Preparing for your move to Seoul


Almost everything you need is available in Korea. Some items may be harder to find or more expensive than at home however: fitted sheets in Korea may not fit your bed and sheet sets are very expensive; Korean mattresses tend to be hard so if you prefer a soft mattress, best to bring your own; you can find books (new and used) in Seoul and they can be ordered over the Internet but costs may be higher than you’re used to. Children’s books and games are sometimes hard to find.

Concerning clothes note that Asian and Western frame structures are not always the same, so Korean sizes may not fit you or your child well. Women may have particular difficulty. Bring an adequate supply of underwear. Koreans generally have small, narrow feet, so you’ll want to make sure you have a good supply of shoes and boots with you. Sports shoes, ski boots, etc. may be less expensive and fit better if purchased in your home country. Although there is an excellent selection of imported and local cosmetic products available in Korea your preferred shades may not be available. If you have any allergies, special dietary needs or sensitive skin, make sure you have an adequate supply of your special products. Some Western brands of toothpaste are available, as are some deodorants, etc., but usually at much higher prices than you might expect. Note that some products that are available over the counter in your home country may require a prescription in Korea.

If your appliances are not compatible with 220 volt wiring you will need transformers. Shower curtains can be found in some stores, but can be quite expensive and colour/style choices are limited. Vegetable peelers, potato mashers and other culturally specific kitchen utensils are very difficult to find in Korea!

Passport-sized photos will be needed for visas, your residency card (also family members), your company or school ID, club membership, etc. Such photos are easy to get done in Korea but having ten or so with you will save you some time and energy during the first hectic weeks.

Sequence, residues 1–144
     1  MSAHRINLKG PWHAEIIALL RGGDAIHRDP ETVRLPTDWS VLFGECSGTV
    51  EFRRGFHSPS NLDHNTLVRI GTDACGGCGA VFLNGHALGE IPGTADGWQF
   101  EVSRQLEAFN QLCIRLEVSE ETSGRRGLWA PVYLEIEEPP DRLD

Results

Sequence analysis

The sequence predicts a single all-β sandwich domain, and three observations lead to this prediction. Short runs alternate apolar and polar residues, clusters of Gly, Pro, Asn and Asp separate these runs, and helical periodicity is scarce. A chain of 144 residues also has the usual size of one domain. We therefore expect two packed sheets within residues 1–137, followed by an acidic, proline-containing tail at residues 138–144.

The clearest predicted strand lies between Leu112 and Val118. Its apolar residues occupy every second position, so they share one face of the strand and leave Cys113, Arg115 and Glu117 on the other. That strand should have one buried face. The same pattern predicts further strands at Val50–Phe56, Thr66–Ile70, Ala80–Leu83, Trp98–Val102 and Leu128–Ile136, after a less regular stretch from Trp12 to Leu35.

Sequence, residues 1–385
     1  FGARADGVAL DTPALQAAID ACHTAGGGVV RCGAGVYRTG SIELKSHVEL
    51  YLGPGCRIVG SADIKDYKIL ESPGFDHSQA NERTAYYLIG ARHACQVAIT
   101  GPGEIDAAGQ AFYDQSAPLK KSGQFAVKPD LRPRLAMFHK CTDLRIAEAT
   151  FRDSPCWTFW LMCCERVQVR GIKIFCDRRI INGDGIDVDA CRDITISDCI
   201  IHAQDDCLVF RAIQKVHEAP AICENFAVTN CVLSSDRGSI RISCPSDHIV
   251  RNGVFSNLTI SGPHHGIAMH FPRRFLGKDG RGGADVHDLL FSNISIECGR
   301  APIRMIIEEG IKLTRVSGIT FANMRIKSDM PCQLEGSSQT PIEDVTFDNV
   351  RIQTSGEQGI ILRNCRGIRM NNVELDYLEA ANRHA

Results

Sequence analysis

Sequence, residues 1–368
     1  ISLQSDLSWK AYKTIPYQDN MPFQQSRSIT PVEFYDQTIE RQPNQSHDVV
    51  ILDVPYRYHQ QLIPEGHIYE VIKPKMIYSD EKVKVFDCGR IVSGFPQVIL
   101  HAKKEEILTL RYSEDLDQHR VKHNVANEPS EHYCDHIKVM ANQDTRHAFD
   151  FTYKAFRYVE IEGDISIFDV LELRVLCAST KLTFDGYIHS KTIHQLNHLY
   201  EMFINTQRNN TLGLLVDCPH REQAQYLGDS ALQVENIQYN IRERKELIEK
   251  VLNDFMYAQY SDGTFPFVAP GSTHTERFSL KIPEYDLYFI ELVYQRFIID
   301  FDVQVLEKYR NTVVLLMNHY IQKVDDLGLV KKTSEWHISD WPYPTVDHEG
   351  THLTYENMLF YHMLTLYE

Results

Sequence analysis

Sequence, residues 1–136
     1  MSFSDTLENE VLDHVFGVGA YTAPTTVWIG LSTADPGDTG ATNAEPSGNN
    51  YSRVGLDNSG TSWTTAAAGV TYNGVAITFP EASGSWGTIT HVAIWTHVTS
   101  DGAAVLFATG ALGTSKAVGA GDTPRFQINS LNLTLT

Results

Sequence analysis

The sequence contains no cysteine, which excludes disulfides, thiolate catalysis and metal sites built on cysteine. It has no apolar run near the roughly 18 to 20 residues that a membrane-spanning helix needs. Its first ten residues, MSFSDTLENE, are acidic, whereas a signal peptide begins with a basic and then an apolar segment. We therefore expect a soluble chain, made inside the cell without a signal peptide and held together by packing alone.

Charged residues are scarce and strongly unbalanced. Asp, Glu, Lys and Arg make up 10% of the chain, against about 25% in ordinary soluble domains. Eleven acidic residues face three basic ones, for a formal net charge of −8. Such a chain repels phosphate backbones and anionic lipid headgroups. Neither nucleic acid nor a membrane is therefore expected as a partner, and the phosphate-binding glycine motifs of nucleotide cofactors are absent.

Be sure to bring enough money with you to cover your needs for at least 6-8 weeks - at least the equivalent of W700,000 or W1 million (U$700 to U$1,000). Your employer may not pay you as early as previously indicated and even if you are paid in full at the end of four weeks (if you started at the first of the month) you may need to purchase supplies for your new flat, over and above food etc. It’s also a good idea to have access to back-up funds (credit card or access to an ATM in your home country). Bring certified copies your diploma(s) and/or transcript(s) with you, whether you are coming to Korea in search of a job or even if you already have one, since you may decide to change companies while you’re here.

Your cell phone is unlikely to work here. If yours DVD player doesn’t have a ‘region-free’ feature it may only be able to play DVD’s you’ve purchased from home.

Illegal drugs are not tolerated in Korea, even for personal use. Should you or a family member be caught by Korean police (neighbours and colleagues will turn you in!) your Embassy is unlikely to be able to do much to help. Take note that Korea operates on a “guilty until proven innocent” principle, and you may be in prison for the duration of your interrogation even if you’ve been falsely accused.

Update 17/05/2010


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